Have you ever been in a situation where a prospect doesn’t want to approve an energy efficiency project because they think it’s too small? Maybe the prospect says they want to wait until they do a major retrofit of the whole building before making any changes? This is a fairly common objection, and it’s one that you should be prepared to dispel at a moment’s notice.
In my experience, it’s best to reframe the situation by talking about tenant turnover. Think about this: The average lease is anywhere from three to seven years depending on the market and the country, and this means that the building is going to completely change occupancy in “x” number of years.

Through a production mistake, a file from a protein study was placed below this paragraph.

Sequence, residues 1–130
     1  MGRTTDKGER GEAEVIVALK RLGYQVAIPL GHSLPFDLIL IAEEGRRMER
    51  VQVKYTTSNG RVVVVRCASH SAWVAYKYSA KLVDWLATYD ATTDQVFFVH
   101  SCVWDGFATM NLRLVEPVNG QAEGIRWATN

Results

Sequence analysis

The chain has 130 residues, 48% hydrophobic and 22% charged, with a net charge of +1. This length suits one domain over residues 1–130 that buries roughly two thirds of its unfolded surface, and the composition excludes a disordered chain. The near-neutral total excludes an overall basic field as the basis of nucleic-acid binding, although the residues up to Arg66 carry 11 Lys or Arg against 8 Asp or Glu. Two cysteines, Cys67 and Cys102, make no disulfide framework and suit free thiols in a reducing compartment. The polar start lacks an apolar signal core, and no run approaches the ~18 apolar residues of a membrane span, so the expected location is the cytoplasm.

You could say something like, “If you never focus on energy efficiency in the context of any of the smaller retrofits when you have a change of tenants, when are you going to do it? You’ll never throw all the tenants out of the building so you can perform the work. Doesn’t it make more sense to focus on energy efficient retrofits when each tenant rolls over, so that by the time five or so years go by, you’ll have a totally renovated and energy efficient building?”
Ideally, you will also come to the meeting prepared with some financials that show the cost of delay. If you can make a case like the one above and back it up with compelling financials, your prospect would be foolish to say “No!”